While postpartum depression (PPD) is typically considered to be a woman’s illness, a number of studies have suggested that, although men do not experience any of the dramatic physiologic or hormonal changes that go along with pregnancy, new fathers may also suffer from PPD. Several recent studies yield information on how to better identify new fathers at risk for depression.
The first study (conducted in Sweden) measured depressive symptoms in 812 men 3 months after their first baby was born. In this cohort, 10.3% of the men suffered from depressive symptoms, defined as scores of 11 or greater on the Edinburgh Postnatal Depression Scale (EPDS). This study also attempted to identify risk factors for paternal PPD.
Younger fathers were at greater risk for PPD. Compared to fathers aged 29–33 years, younger fathers had an increased risk for depressive symptoms (odds ratio [OR] 2.55; 95% CI 1.50–4.35). Lower education level, lower income, relationship difficulties, and financial worries also increased the risk for depressive symptoms, but these factors could not explain the increased risk among the younger fathers.
These findings are largely consistent with previous studies. In another study, depression in fathers was associated with poverty (adjusted odds ratio [AOR] 1.52), living with a child with special health care needs (AOR 1.42), poor paternal physical health (AOR 3.31) and paternal unemployment (AOR 6.49). One of the strongest predictors of paternal depression was the presence of maternal depressive symptoms (AOR 5.77).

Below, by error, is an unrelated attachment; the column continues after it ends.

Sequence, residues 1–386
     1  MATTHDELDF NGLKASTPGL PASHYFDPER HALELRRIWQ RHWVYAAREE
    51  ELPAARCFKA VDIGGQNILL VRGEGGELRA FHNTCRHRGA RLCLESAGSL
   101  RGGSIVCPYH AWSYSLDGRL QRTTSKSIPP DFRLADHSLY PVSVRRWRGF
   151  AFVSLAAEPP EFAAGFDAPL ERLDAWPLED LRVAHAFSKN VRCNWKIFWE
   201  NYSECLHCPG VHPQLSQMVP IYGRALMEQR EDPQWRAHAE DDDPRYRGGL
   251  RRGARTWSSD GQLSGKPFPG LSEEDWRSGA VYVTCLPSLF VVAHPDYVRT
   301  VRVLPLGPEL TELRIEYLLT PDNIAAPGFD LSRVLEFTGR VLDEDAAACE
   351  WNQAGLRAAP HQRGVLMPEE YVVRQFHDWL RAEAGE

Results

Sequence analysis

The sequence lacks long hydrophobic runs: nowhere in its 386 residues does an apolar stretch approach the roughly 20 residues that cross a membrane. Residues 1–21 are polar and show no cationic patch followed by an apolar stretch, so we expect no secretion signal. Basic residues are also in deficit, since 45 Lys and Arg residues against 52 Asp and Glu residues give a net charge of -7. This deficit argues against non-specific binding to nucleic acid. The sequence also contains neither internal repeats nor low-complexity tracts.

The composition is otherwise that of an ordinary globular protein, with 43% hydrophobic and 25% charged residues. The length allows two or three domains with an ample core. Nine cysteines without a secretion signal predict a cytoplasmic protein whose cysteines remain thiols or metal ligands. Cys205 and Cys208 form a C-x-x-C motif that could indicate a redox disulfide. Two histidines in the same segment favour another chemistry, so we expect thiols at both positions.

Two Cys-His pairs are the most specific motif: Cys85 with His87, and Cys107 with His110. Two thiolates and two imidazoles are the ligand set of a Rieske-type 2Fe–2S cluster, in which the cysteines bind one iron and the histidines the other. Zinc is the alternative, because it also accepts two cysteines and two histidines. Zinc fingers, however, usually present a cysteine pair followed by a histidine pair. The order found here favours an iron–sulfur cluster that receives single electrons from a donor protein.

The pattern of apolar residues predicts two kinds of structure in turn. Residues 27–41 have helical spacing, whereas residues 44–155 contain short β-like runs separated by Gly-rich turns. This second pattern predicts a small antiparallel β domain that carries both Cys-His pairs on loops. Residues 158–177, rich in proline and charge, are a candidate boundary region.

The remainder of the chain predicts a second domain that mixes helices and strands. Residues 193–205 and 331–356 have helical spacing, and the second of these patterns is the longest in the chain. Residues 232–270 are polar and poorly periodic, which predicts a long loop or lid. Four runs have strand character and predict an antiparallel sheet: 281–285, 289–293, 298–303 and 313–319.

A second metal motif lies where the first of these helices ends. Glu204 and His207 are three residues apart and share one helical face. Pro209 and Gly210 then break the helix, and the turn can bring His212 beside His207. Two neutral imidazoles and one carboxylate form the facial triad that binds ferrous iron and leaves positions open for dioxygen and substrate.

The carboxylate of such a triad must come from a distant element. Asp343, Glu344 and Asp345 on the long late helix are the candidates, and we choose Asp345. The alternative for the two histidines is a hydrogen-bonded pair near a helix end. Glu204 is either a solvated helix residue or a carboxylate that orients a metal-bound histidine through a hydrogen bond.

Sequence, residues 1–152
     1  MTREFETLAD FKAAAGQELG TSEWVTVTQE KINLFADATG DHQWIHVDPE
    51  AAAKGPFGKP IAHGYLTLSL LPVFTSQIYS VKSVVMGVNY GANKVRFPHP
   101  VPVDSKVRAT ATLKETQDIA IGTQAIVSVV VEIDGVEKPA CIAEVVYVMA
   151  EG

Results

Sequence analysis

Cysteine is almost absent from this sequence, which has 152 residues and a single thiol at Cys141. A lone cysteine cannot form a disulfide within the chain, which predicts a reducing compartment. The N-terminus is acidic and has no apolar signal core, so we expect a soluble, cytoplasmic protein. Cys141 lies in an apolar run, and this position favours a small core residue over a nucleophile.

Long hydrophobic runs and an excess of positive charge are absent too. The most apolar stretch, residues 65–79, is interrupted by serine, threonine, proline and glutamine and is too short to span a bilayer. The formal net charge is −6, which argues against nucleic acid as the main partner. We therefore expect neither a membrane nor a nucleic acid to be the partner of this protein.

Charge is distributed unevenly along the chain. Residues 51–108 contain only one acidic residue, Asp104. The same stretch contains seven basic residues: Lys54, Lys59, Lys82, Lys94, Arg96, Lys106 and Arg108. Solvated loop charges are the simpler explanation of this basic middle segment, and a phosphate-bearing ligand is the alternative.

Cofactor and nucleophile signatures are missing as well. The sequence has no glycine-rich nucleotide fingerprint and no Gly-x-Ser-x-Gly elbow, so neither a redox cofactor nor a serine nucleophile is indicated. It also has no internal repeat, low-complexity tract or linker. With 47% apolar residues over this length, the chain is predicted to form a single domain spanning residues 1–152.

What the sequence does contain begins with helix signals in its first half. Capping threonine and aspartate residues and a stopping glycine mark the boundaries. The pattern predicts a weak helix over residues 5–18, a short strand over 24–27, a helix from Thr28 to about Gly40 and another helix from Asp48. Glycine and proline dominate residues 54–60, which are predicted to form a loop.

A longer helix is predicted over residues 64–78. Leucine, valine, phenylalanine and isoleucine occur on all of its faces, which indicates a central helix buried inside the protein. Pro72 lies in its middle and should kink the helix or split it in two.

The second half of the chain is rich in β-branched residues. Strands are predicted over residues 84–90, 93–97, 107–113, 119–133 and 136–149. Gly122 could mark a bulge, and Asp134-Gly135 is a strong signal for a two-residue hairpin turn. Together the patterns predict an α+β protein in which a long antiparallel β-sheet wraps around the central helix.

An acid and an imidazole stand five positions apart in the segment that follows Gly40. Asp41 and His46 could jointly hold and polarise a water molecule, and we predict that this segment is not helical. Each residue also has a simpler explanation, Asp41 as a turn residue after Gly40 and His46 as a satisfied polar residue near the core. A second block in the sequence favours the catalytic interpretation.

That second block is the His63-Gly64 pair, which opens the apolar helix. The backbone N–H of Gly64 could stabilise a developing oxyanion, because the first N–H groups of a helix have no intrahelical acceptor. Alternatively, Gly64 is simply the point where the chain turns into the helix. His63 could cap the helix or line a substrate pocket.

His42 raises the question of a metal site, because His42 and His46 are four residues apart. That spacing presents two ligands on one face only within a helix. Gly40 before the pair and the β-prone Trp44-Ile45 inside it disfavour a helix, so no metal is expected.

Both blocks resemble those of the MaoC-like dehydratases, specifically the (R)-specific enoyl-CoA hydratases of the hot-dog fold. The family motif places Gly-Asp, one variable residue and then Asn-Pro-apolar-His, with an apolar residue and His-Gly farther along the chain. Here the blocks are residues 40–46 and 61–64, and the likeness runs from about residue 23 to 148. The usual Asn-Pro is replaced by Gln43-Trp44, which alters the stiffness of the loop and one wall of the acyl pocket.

Why is this so important? Although in most families, the mother is the primary caretaker of the children, fathers play an important role. Several recent studies have indicated that paternal depression may place the child at higher risk for behavioral problems, as well as psychiatric illness, later on. Given these findings, we cannot afford to ignore psychiatric illness in the father. However, we know very little about how best to screen for depressive symptoms in new fathers. Since men tend to express depressive symptoms differently than women, can we use the same screening tools to identify paternal depression? This is a topic we will address in an upcoming post.
Ruta Nonacs, MD PhD